Select Committee on Transport, Local Government and the Regions Appendices to the Minutes of Evidence

Supplementary note by the Minister for Housing, Planning and Regeneration (PGP 06B)

  At the Select Committee on 8 May I offered to write on a number of points to clarify further my responses to your questions. I am sorry for the delay in my response.

Bill O'Brien asked which Green Paper proposals would require primary legislation. As I indicated a number of the proposals will require changes to primary legislation. Amongst them the proposals to abolish structure plans, local plans and unitary development plans and replace them with the new Local Development Framework, and introducing statutory Regional Spatial Strategies (RSS) to replace Regional Planning Guidance. Powers would need to be introduced for Major Infrastructure Projects to be referred to Parliament, and any changes to the current system of planning obligations. A number of development control measures such as putting funding for Planning Aid on a statutory basis and introducing a planning checklist are also likely to require primary legislation, as will many of the proposals for changes to the compulsory purchase powers and processes set out in the Compulsory Purchase and Compensation consultation paper. Some legislative amendment may be required for the introduction of Business Planning Zones.

  I offered to provide more detail on targets for government performance on call-ins and recovered appeals in response to Oona King's questions. In the Planning Green Paper we set ourselves the target of cutting in half the average time taken from the close of a public inquiry into a called in planning application or a recovered appeal. As Oona mentioned we have set up a new planning central casework division (PCCD) in DTLR to deal with the decision-making process, following receipt of an Inspector's report. We have also identified targets for improvement by March 2004.

  Our measure for judging improvement in Government performance will be how many cases are processed within a given number of weeks.

  The benchmark for improvement is performance at October 2001, when 80 per cent of cases were decided in 32 weeks from close of inquiry to decision, with:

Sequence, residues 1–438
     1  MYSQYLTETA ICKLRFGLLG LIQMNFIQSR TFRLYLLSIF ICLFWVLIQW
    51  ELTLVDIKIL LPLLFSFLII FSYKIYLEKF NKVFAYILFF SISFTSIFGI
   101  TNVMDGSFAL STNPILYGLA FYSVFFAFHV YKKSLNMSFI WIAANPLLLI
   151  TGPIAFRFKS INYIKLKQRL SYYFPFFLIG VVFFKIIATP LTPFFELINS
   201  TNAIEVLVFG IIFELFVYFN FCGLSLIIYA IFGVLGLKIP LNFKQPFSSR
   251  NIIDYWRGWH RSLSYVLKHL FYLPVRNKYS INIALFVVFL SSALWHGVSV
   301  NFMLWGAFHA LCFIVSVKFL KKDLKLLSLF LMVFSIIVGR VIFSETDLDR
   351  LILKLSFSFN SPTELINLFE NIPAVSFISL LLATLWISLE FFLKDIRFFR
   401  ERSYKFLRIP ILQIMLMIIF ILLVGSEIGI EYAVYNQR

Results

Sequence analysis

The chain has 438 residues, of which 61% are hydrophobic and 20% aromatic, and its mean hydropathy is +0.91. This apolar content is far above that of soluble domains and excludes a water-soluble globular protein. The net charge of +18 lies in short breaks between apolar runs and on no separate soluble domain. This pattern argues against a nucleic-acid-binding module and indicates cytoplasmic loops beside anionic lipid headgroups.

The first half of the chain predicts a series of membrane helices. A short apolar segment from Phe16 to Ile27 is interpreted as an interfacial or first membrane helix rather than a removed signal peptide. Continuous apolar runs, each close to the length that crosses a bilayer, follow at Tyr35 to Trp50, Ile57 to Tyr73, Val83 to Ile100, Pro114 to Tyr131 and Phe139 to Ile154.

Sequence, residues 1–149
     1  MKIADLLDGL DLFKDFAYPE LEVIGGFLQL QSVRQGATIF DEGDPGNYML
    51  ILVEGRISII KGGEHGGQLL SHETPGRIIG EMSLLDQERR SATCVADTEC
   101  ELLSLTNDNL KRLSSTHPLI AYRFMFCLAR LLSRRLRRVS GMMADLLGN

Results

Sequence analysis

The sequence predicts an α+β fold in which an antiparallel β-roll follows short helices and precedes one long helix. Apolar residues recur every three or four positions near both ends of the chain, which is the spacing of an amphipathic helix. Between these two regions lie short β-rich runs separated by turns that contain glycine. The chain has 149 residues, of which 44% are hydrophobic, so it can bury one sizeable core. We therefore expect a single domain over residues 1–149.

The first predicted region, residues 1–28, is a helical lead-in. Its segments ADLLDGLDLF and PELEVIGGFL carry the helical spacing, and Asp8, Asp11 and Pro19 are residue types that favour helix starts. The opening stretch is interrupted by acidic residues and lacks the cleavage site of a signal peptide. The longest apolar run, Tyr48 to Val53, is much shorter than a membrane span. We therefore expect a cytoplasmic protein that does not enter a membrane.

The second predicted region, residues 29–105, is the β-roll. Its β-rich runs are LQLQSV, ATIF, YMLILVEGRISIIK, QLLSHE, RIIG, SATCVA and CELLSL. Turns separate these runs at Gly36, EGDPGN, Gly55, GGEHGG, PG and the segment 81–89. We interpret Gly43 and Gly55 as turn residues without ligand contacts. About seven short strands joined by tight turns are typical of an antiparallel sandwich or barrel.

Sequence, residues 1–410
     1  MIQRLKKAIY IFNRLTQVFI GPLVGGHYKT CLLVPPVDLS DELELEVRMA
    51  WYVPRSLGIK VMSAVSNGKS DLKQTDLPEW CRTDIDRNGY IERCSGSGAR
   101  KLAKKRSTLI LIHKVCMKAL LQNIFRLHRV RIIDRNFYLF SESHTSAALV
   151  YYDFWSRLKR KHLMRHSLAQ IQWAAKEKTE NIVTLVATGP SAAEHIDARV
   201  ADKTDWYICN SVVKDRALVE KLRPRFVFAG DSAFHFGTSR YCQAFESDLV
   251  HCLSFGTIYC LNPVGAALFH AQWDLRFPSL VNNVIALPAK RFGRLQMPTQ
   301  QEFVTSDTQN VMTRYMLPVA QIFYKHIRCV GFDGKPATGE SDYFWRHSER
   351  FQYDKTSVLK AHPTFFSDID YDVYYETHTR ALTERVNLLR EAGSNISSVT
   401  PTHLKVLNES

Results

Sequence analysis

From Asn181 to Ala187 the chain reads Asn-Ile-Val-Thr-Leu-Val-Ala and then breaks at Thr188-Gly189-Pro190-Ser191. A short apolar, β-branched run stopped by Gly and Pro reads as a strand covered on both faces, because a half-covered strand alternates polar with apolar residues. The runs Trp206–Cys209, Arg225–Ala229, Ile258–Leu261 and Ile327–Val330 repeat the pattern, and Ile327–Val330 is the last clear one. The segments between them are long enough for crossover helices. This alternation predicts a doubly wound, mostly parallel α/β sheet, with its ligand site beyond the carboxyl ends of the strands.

—  PINS dealing with 80 per cent of cases within 14 weeks.

    —  Government Office dealing with 80 per cent of cases within 18 weeks.

  Our target is, by March 2004, for 80 per cent of cases to be decided in 16 weeks from close of inquiry to decision with:

    —  PINS dealing with 80 per cent of cases within 7 weeks.

    —  PCCD dealing with 80 per cent of cases within 9 weeks.

  The objective is for both PINS and PCCD to secure half the necessary improvement in the first year. This will be a particular challenge for PCCD, which is being formed largely from staff new to this work. We will therefore be keeping the PCCD target for the first year under review. In addition, we may set some individual targets for larger cases, although this will be very much the exception rather than the rule.

  I will report to the Committee on performance against casework targets in October 2002, in the light of progress over the first 6 months of the new arrangements, and at 6-monthly intervals thereafter.

  Louise Ellman questioned me about a research report into Transport and Works Act (TWA) Orders undertaken by MVA and associates, which she believed had been published and subsequently withdrawn. This is not the case. I understand that the report was put on the MVA website in error, but has now been taken off.

  The main aim of the MVA study was to review the efficiency and effectiveness of the present TWA Order-making system and to make recommendations for improving and speeding up the process. The report includes some valuable research and contains many sound ideas for improving the process. However, many recommendations would require changes to the legislation which could not be delivered quickly. I am keen to identify measures to deliver more radical improvements in the speed of dealing with TWA applications over a shorter time frame. The Department has therefore appointed consultants to build on MVA's work by looking more specifically at handling processes with a view to delivering faster decisions. Because of this, I considered it premature to publish MVA's report until both reviews have been completed and I could announce how we intended to take forward the combined recommendations. There is no question of suppressing MVA's report. It will be published in due course.

  At the end of Wednesday's evidence session you requested sight of the reports of the cross-cutting review on improving the public space. I have sought the advice of officials and I am afraid that I cannot agree to your request. Reports of cross-cutting reviews are advice to ministers and consequently not public documents. I understand that other Select Committees have requested sight of such documents and have also had to be turned down. However I have provided the Committee with a memorandum covering the issues raised by the cross-cutting review. In addition, the Committee may wish to be aware that information from the cross-cutting reviews will be included as part of the SR2002 publication.

  Finally I attach a copy of the timetable for the review of National Planning Policy Guidance (PPGs).

Charles Falconer

24 May 2002

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